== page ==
Thursday, February 7, 2019

Another hospital in Swaziland runs out of food for patients as Govt bills go unpaid

Another public hospital in Swaziland / eSwatini has run out of food and patients have been left hungry because bills to suppliers have not been paid.
The Swazi Government is in financial meltdown and public services across the kingdom are grinding to a halt.

The Hlatikhulu Government Hospital has run out of food and patients are being fed thin porridge for supper, the Times of Swaziland reported on Wednesday (6 February 2019).

It added patients had been told to get their relatives to supply them with food or to send people to buy them food at nearby outlets. 

The Times reported the hospital could not pay its suppliers. It added it did not know how much was owed but ‘certain suppliers have not been paid yet they had been owed for years’.

It reported, ‘A spot check conducted yesterday unearthed that some patients had been able to carry on with only a plate of soft porridge which was served in the morning. A woman found at the maternity ward said even on the previous day, they were only served soft porridge for supper.’

It added there was only enough food in the kitchen for one day.

It said, ‘A staffer, who spoke on condition of anonymity, disclosed that the situation was so dire such that patients might have nothing to eat from today onwards.’

Previously, it was reported Mbabane Government Hospital had run out of food because of unpaid bills. The Times of Swaziland reported in September 2018 patients only had apples and juice. It was unclear how much money was owed.

The newspaper reported Dr Simon Zwane, Principal Secretary at the Ministry of Health, said there was ‘no food for the patients because the ministry had not paid the catering company that provides food for the hospital’.

In December 2018 it was reported that the Intensive Care Unit (ICU) at the Mbabane Government Hospital was close to shut-down because equipment was not being maintained. People were dying because of this, it was reported.

The Government is broke and public services across the kingdom have been run into the ground. The Times of Swaziland reported at the time, ‘A medical staff member, who spoke on condition of anonymity, alleged that they had on countless occasions raised the issue of the unfixed machines and that the response they received was that there was no money.’

Health services across Swaziland are in crisis. In September 2018 it was reported at least six children in Swaziland had died from diarrhoea and many more were sick because the government was broke and could not pay for vaccines. It would cost US$6 for the vaccine to immunise a child.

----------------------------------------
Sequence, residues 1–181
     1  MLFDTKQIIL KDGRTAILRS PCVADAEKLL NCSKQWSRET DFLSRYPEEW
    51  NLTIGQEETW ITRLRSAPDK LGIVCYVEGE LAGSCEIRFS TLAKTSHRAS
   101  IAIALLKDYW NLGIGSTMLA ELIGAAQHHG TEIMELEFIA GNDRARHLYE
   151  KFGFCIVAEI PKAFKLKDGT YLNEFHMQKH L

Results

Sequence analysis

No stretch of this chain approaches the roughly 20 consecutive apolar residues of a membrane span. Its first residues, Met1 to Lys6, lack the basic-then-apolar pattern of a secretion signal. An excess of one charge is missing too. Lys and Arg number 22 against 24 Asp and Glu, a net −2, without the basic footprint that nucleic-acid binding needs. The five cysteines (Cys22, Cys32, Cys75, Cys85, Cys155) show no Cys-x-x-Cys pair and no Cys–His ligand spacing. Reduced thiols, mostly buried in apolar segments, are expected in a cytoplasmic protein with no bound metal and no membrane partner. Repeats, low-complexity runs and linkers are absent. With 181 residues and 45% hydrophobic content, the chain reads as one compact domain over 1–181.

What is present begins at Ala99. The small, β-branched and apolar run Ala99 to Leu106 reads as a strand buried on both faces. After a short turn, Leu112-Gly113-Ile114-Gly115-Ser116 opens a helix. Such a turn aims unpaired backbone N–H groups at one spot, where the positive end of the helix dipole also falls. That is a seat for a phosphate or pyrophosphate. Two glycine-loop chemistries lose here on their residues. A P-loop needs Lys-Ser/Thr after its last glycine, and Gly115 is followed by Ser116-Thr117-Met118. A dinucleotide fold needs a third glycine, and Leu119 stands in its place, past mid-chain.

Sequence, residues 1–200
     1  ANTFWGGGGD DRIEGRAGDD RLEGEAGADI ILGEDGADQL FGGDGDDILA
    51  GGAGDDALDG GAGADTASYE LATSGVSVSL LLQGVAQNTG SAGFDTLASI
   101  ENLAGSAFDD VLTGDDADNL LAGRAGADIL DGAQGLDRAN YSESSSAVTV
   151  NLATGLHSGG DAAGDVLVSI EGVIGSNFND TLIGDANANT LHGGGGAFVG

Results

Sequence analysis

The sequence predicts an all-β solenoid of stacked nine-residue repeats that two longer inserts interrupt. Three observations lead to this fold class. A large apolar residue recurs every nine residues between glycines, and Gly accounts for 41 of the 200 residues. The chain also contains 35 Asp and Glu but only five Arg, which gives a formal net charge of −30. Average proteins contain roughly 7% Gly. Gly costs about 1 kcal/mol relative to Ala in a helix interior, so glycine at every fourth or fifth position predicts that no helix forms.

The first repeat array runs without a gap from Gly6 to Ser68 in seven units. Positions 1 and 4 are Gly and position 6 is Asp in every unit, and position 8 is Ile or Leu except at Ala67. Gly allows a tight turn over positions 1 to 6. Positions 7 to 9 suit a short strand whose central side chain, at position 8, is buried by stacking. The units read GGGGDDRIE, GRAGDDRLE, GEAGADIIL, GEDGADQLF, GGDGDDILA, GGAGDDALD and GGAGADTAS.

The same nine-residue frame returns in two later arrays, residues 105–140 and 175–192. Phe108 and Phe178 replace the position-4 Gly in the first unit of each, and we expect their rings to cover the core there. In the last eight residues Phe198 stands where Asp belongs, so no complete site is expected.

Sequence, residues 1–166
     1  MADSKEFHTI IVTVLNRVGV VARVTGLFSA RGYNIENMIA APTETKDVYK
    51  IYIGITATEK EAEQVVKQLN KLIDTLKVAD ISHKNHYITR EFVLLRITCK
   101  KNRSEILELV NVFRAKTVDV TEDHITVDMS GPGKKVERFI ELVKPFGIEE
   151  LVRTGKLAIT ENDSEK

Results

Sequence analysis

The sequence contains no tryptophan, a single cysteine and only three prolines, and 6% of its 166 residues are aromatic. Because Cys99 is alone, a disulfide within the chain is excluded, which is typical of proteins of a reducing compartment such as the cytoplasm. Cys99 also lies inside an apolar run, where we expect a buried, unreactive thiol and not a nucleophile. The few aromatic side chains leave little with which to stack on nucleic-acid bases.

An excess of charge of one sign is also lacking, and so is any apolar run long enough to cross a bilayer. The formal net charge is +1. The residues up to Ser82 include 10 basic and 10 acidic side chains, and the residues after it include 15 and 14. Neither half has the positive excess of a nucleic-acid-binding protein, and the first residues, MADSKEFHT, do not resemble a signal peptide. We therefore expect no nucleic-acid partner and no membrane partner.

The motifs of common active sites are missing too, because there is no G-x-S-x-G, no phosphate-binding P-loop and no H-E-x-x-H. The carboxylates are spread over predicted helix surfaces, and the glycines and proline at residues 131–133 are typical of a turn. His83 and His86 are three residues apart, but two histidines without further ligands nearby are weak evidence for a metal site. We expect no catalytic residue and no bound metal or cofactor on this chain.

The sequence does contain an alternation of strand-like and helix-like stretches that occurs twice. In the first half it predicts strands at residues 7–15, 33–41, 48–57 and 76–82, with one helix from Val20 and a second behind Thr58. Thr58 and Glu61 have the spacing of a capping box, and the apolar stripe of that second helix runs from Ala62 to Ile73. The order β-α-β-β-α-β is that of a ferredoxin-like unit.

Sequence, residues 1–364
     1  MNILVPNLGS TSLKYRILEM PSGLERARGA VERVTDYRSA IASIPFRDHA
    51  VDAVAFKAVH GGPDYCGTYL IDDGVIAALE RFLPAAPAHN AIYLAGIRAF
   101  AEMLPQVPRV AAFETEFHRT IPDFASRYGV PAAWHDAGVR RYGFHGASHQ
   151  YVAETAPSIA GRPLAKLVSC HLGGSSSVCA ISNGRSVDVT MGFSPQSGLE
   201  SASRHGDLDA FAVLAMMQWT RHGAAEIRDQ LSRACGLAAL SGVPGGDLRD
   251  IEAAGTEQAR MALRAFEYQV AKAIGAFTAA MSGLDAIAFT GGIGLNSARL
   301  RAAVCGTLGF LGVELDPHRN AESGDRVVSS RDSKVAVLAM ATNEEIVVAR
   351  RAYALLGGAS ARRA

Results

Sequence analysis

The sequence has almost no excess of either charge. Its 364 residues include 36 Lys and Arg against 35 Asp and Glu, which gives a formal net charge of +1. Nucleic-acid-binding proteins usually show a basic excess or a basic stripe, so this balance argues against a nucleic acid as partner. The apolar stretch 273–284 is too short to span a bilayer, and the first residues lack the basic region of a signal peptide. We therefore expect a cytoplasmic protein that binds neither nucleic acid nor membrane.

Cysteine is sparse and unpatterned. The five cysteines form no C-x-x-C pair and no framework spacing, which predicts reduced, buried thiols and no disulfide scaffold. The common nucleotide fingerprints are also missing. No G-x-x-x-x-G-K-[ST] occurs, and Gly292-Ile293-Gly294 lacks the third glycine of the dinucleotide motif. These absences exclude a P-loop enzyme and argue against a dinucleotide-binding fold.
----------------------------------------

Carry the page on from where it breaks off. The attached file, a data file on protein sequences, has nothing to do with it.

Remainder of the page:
Medicines of all sorts have run out in public hospitals and health clinics across Swaziland. 

In July 2018 it was reported that Swazipharm, Swaziland’s largest distributor of pharmaceutical products and medical equipment to the healthcare system in the kingdom, could not buy new stocks because the Ministry of Health had not paid its bill. Swazipharm Sales and Marketing Manager Cindy Stankoczi confirmed it had cut the supply of drugs to local health institutions.

In June 2018 it was revealed there were only 12 working public ambulances in the whole of Swaziland to serve the population of about 1.2 million people because the government failed to maintain them. It had bought no new ambulances since 2013.

Meanwhile, King Mswati III who rules Swaziland as one of the world’s last absolute monarchs wore a watch worth US$1.6 million and a suit beaded with diamonds weighing 6 kg, at his 50th birthday party in April 2018. Days earlier he took delivery of his second private jet, a A340 Airbus, that after VIP upgrades reportedly cost US$30 million. He received E15 million (US$1.2 million) in cheques, a gold dining room suite and a gold lounge suite among his birthday gifts.

Seven in ten of Swaziland’s population live in abject poverty with incomes less than the equivalent of US$2 per day. The King has 13 palaces. He also owns fleets of top-of-the range Mercedes and BMW cars. His family regularly travel the world on shopping trips spending millions of dollars each time.

See also

Children at risk of food poisoning as Swaziland Govt’s financial crisis continues

Swazi Govt ‘runs out of cash’

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